Some warning signs in the recession include avoiding bills or financial statements, having difficulty sleeping for two or more weeks and drinking to excess.

"It's gotten worse. It's absolutely gotten worse. Most people are feeling anxious about money right now," says Bradley Klontz, a clinical psychologist in Hawaii. "When you're struggling with money issues and it affects your ability to carry out your various roles -- if it's keeping you up at night -- I'd say that's when you know it's time."

Beyond elevated anxiety levels, there are concerns about depression and suicide.

"We've had people who are so depressed that they are thinking that maybe life isn't worth going on. It's a small number of people but, you know, that is something that we're becoming -- as this crisis goes on longer and longer -- we're becoming more concerned about," Molitor says.

Here are some tips if you're considering therapy:

1. Don't get baited by unlicensed therapists

Molitor says the recession has led many people to hang out a shingle and call themselves an expert. You want to pick a therapist who is fully licensed in your state. You generally can get a referral from your family doctor.

2. Ask your therapist to do some talking, too

Molitor says it's appropriate to interview potential therapists over the phone before you make a selection. Be sure to ask about fees and whether they'll take your insurance.

3. Struggling financially? Negotiate payments

If you're living on a small budget and uncertain whether you can afford treatment, try negotiating payment options with your therapist. When Rosenberg couldn't afford the $15 co-pay for her sessions, her therapist gave her a financial break and started her on a tab. Other therapists are offering flexible scheduling and payment plans on a sliding scale to help patients affected by the economy.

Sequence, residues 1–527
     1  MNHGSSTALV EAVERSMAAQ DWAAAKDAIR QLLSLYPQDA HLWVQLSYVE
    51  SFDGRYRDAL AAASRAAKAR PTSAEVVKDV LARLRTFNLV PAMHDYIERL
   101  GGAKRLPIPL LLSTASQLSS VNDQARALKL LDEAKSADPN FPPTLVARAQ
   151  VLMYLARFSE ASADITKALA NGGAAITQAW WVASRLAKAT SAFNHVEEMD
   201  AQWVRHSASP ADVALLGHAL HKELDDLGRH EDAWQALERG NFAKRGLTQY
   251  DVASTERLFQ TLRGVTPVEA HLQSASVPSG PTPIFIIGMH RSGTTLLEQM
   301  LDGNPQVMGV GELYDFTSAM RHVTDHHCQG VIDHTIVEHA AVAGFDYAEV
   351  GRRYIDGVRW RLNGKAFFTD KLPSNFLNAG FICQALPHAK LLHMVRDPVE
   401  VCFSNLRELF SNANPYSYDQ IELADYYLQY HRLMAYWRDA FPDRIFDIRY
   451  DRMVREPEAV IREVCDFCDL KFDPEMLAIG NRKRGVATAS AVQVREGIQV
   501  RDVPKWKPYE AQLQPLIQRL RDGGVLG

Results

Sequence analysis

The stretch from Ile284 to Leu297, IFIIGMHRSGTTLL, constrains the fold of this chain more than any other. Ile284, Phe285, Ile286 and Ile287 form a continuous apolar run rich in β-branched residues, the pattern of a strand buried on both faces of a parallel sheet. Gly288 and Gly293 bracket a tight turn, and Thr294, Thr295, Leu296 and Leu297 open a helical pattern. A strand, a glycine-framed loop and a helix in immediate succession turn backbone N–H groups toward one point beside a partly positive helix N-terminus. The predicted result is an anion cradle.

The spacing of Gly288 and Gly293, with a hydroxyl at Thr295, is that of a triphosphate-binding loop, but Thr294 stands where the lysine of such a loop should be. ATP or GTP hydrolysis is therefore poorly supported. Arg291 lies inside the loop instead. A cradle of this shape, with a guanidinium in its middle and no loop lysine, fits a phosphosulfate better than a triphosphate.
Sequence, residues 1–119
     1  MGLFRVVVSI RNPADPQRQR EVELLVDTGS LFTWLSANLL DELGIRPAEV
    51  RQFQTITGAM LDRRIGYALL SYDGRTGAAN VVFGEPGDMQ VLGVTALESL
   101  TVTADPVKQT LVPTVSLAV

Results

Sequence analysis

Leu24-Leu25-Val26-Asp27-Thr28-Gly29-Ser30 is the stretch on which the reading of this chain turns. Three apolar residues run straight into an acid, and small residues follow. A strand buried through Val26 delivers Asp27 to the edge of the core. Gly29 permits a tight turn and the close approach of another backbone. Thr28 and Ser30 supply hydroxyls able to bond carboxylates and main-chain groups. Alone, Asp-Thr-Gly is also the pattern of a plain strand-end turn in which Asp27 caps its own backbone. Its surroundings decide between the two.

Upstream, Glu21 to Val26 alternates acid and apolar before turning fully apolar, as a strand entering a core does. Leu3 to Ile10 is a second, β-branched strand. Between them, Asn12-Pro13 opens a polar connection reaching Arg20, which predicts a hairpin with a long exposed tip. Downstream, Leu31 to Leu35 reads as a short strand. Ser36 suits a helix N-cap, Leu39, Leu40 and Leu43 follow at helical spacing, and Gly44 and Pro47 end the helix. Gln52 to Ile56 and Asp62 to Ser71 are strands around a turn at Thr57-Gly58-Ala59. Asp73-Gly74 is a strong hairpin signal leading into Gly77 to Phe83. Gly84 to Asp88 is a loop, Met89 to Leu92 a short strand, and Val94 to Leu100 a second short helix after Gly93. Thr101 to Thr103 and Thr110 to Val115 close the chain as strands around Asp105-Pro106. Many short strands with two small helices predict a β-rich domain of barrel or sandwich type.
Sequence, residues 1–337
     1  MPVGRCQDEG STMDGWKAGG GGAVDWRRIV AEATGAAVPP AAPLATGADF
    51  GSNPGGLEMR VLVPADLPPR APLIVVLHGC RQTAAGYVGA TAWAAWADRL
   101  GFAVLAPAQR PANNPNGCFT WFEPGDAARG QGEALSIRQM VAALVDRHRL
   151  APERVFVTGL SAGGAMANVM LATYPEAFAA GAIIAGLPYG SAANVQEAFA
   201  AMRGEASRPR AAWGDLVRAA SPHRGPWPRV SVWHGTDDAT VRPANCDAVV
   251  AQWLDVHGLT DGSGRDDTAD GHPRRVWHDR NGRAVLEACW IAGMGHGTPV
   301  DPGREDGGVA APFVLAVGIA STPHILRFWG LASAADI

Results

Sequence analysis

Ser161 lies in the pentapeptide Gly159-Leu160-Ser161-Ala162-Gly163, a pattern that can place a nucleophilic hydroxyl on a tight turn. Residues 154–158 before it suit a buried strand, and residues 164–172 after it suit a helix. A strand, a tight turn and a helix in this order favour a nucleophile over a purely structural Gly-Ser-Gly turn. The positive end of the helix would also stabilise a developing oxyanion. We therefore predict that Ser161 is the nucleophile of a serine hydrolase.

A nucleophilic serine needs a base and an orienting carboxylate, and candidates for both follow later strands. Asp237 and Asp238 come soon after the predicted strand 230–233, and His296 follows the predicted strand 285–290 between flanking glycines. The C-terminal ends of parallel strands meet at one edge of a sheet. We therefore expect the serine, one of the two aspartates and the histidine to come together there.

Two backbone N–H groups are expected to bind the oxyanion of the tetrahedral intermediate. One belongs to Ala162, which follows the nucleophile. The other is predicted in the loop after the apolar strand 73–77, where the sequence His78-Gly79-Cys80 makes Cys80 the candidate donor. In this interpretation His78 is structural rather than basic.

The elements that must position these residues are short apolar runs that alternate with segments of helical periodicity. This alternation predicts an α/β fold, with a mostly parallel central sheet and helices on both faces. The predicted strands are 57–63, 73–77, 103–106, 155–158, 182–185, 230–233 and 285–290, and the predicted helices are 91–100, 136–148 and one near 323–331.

4. Still can't pay? Seek out low-cost treatment

If you're uninsured, out of work or simply can't afford treatment, there are still ways to access quality care. Most communities have state- or county-funded community mental health centers that operate with low fees. Another option is to talk with a psychologist in training. University psychology departments often offer limited counseling under the supervision of senior clinicians.

5. Ask how long your therapy is going to last

Molitor says therapists should be able to give you a range after an assessment. If your symptoms are anxiety-based and not more complicated, you could begin to feel better quickly, in as few as two to six sessions.

With her doctor's help, Rosenberg says she's feeling better. Although she says that she still operates in a financial deficit, she's being careful to deplete her savings as slowly as she can. She's also pursuing new career possibilities as a personal fitness trainer.

"When you were trying to pursue the office jobs, there was a really deadened quality to you inside," her therapist noted during a recent session. "Now, as you're pursuing this new career, which you probably wouldn't have if you hadn't been laid off, there seems like something much more sparkly in you."

Rosenberg agrees.

"There's a lot of freaking out when this first happens to you," she says. "Now I feel like I have a team. I have my friends. I have my therapist. I have my family. I have a team behind me, and they won't let anything terrible happen to me."

All About SuicideU.S. National EconomyDepression